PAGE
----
Dear friends and fellow South Africans,
Is the state of our nation merely a matter of perceptions? As a South African citizen, deeply involved in the details of our economy, society and politics, I find there are days when I feel optimistic about my country, when the pulse of enthusiasm for what we have achieved and what we are capable of beats strongly in my veins. But so too there are days when I feel the weight of concern bearing down on me, when I hear of yet another murder, yet another scandal, yet another failure of our Government.
Still, no matter what kind of day it is, my patriotism never flags. I have never lost confidence in my beloved country. I have, however, lost confidence in my country’s leadership. That doesn’t make me unpatriotic. In fact, if anything, it fires my patriotism even more, because I am not willing to allow my country to be led by people who put self-interest first, at the cost of appropriate policies, appropriate response, and even at the cost of lives.
It is no surprise that our country’s leaders want us to see the glass as half full, rather than half empty. But as I pointed out in the State of the Nation debate, it is insulting to South Africans to pretend that the real state of the nation does not exist, for the sake of portraying a nicer, more acceptable version. Our President is particularly prone to overstating and understating the facts, to shape reality according to the purposes of the ANC.
Yesterday, during the opening of the KwaZulu Natal Provincial House of Traditional Leaders in Ulundi, I was gratified to hear His Majesty the King of the Zulu Nation calling a spade a spade, when he lamented the high incidence of rape and violence against women and children. The King called it what it is; “a plague”.
That was the very description I used during the State of the Nation debate, reacting to the President’s passing mention of the rape and murder of women and girls “in recent times”. I advised the President that treating the matter so lightly would not solve a scourge that has been plaguing our nation for decades.
I applaud the King for speaking the truth so candidly. It was in sharp contrast to the opening of the National House of Traditional Leaders in Cape Town, at which the President said, “We dare not portray our beautiful country as an inherently violent place to live in. South Africa is a stable, peaceful country.”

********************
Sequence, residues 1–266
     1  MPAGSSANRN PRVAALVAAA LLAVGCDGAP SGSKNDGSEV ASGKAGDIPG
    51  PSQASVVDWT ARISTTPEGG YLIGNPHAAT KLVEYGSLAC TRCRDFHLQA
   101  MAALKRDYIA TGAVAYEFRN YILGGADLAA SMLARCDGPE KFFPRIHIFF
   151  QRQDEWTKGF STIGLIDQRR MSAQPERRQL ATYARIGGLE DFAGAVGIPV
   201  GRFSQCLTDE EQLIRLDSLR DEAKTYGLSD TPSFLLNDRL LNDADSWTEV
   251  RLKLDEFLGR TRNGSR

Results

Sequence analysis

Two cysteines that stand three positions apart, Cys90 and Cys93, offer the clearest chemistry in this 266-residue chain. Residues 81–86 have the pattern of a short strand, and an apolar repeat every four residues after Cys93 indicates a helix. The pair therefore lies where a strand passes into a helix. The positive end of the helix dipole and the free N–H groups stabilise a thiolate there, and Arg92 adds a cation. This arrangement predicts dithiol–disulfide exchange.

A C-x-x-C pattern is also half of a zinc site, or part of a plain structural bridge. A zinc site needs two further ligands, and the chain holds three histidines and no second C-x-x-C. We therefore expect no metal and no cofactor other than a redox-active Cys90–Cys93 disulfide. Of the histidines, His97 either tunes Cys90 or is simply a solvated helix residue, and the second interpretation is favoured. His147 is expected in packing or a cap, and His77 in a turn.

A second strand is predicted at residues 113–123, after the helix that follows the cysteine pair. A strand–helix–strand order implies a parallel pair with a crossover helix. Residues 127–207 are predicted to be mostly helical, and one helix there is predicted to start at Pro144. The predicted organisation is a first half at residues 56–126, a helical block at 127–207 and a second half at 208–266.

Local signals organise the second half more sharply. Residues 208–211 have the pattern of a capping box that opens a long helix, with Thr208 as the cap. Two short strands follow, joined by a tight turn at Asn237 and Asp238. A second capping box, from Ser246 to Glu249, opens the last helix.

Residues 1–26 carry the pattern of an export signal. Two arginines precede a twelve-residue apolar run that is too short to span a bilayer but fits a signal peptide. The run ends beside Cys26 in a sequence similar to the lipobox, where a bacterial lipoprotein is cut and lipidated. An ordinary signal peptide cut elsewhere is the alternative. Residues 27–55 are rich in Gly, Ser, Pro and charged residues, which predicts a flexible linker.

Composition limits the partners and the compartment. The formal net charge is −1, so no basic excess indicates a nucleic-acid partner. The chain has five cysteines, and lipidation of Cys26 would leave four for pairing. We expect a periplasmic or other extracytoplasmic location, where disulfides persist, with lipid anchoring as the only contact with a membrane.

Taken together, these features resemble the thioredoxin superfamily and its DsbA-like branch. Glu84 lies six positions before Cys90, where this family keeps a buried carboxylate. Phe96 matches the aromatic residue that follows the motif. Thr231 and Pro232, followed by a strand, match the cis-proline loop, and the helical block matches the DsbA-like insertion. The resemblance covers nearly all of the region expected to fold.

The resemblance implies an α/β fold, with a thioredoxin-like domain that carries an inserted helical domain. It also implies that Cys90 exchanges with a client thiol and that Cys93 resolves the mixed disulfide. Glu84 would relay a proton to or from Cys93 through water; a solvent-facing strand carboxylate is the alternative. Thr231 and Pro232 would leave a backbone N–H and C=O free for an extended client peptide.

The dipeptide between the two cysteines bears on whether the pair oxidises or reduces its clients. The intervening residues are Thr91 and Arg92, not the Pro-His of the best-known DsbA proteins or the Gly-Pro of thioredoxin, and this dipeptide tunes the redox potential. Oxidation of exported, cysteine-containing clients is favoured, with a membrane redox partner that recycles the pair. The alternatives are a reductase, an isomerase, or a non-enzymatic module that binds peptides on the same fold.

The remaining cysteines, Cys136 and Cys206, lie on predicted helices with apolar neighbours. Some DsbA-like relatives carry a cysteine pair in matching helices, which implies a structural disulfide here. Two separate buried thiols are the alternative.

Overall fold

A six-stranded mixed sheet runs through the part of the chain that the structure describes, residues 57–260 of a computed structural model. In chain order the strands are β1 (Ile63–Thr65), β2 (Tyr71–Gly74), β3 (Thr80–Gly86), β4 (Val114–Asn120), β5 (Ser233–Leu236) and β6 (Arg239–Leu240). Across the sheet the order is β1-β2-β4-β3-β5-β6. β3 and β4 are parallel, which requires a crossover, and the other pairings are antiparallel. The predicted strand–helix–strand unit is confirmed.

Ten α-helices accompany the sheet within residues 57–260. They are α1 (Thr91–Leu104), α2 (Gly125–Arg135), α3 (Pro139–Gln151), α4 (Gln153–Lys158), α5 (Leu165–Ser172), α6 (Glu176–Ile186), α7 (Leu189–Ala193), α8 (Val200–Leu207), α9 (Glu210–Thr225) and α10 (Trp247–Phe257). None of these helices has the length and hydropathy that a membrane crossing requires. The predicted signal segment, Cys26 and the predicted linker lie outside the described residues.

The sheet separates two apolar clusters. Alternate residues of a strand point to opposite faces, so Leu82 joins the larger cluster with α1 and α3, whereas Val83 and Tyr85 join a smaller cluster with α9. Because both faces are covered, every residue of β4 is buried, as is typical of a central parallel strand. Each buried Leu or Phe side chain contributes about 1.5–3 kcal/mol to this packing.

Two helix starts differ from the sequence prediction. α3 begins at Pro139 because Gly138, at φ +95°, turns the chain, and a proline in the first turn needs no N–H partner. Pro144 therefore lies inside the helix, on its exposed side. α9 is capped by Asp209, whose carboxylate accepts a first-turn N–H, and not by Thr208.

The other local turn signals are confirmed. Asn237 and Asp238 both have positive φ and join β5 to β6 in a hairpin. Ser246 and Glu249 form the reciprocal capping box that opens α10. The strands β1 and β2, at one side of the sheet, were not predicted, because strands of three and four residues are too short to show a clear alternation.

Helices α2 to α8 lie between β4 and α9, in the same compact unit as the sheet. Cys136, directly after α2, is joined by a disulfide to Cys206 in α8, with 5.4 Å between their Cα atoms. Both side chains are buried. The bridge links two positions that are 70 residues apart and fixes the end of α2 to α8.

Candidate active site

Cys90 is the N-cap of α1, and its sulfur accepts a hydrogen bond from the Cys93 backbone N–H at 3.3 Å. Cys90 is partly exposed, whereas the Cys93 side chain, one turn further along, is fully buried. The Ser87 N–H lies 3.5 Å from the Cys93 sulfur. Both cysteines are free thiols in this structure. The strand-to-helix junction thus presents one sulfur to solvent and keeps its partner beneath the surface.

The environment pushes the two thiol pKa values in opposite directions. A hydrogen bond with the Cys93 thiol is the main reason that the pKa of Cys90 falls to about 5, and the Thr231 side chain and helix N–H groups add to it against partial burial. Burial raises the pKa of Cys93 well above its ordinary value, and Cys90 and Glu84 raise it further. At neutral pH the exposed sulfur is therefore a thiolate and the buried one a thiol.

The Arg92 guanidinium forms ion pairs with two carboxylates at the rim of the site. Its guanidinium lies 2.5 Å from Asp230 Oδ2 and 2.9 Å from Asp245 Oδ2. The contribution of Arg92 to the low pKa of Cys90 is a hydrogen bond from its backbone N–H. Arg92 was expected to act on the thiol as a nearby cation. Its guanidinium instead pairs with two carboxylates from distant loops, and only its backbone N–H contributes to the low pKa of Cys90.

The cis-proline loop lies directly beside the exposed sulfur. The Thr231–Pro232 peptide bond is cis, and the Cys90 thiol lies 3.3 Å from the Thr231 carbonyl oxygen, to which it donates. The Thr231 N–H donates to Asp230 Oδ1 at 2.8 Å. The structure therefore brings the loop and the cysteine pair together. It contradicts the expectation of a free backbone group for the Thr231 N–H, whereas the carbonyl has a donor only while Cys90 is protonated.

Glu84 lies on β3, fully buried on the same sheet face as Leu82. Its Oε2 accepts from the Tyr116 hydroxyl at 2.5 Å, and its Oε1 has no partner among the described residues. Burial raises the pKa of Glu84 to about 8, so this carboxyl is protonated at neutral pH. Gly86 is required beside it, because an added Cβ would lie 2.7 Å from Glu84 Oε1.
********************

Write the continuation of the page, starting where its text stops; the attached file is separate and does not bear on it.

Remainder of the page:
While that is a manipulation of the truth, one can understand why the President chooses to promote this version of reality. But why would the President, in the same speech, choose to overstate a matter that serves only to divide our people and create racial disharmony?
The President stated that “white households earn six times more than African households” and that the income of the average white household is R30 430 a month.
These figures are contradicted by the recently released “South Africa Survey” of the South African Institute for Race Relations, which indicates that the median monthly income for white earners is R10 000 a month. There would have to be three full-time employed workers in the average white household to bring in R30 430, which is unrealistic.
The Survey highlights the important point that the greatest inequality is not between workers of different races, but between people who have an income, and the unemployed. It may be facetious to draw a comparison, for instance, between the President and someone living on a social grant. But for the sake of illustration, consider this: At the beginning of this month, the Disability Grant increased by 5% which is about the same percentage increase of the President’s salary last year. But that amounts to R60 a month extra for a disabled citizen, and R16 666 extra for the President.